Weeks of intense heat in India finally gave way to a late-onset monsoon season, and the people in the sate of Assam in the northeast part of the country traded one environmental insult for another: heat for flooding. A deluge of rain brought the Brahmaputra River and numerous tributaries out of their banks in severe flooding that has displaced almost half a million people. These images show the region on March 5 (top images, before the monsoon) and June 16 (bottom image, monsoon flooding). Both images were acquired by the Moderate Resolution Imaging Spectroradiometer (MODIS) on the Aqua satellite.
The top two images are from March 5, showing the wider area and a close up of the Brahmaputra River in Assam using a false-color image technique that highlights the presence of standing water, which appears dark blue or black. The river makes a thin squiggly line through the pale tan flood plain, which contrasts against the green vegetation. On June 16 (bottom image), the swollen river makes a broad blue line through the image, and flooded areas are obvious all along the foothills of the Himalaya Mountains, which run across the top of the images.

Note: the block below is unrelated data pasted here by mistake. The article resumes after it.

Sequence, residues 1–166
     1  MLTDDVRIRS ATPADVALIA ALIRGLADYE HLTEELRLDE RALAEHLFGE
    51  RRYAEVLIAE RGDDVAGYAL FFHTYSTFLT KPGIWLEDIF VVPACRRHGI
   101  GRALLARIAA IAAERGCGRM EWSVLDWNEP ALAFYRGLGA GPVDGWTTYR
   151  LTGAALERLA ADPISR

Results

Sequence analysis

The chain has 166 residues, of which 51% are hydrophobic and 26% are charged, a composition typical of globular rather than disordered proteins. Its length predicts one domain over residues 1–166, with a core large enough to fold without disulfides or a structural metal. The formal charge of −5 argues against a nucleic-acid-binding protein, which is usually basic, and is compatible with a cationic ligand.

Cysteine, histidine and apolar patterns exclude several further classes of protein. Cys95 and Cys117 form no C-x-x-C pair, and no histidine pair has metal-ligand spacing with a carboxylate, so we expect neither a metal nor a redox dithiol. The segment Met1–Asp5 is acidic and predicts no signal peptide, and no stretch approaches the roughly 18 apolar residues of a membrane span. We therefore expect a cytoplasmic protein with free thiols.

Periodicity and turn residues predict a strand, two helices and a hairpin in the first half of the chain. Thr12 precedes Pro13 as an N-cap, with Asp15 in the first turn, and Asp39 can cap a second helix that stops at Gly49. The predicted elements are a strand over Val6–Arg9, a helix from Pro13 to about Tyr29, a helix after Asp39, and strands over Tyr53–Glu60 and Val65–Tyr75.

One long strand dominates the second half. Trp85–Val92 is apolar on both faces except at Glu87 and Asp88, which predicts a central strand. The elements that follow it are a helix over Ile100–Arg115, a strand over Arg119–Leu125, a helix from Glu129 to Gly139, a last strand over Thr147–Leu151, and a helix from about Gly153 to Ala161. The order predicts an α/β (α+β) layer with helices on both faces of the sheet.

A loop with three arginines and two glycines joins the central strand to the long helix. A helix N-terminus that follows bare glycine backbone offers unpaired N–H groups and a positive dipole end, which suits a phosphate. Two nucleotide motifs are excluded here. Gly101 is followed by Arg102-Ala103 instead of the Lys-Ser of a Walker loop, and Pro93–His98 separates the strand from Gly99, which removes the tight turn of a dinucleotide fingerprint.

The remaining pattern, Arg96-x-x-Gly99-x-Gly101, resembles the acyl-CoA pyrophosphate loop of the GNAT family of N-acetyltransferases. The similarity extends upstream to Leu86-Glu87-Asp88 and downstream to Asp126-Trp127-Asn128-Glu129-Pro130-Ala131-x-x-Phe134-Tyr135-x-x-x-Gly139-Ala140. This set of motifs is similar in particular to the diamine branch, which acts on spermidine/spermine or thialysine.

The high-resolution image provided above is 500 meters per pixel. The MODIS Rapid Response System provides this image at MODIS? maximum spatial resolution of 250 meters.
India’s Brahmaputra River was already flooded in early August, but those floods turned out to be small compared to the floods that hit the river in early September. The river flooded for the third time in 2007 when monsoon rain pounded northeastern India, Bhutan, and Bangladesh in September.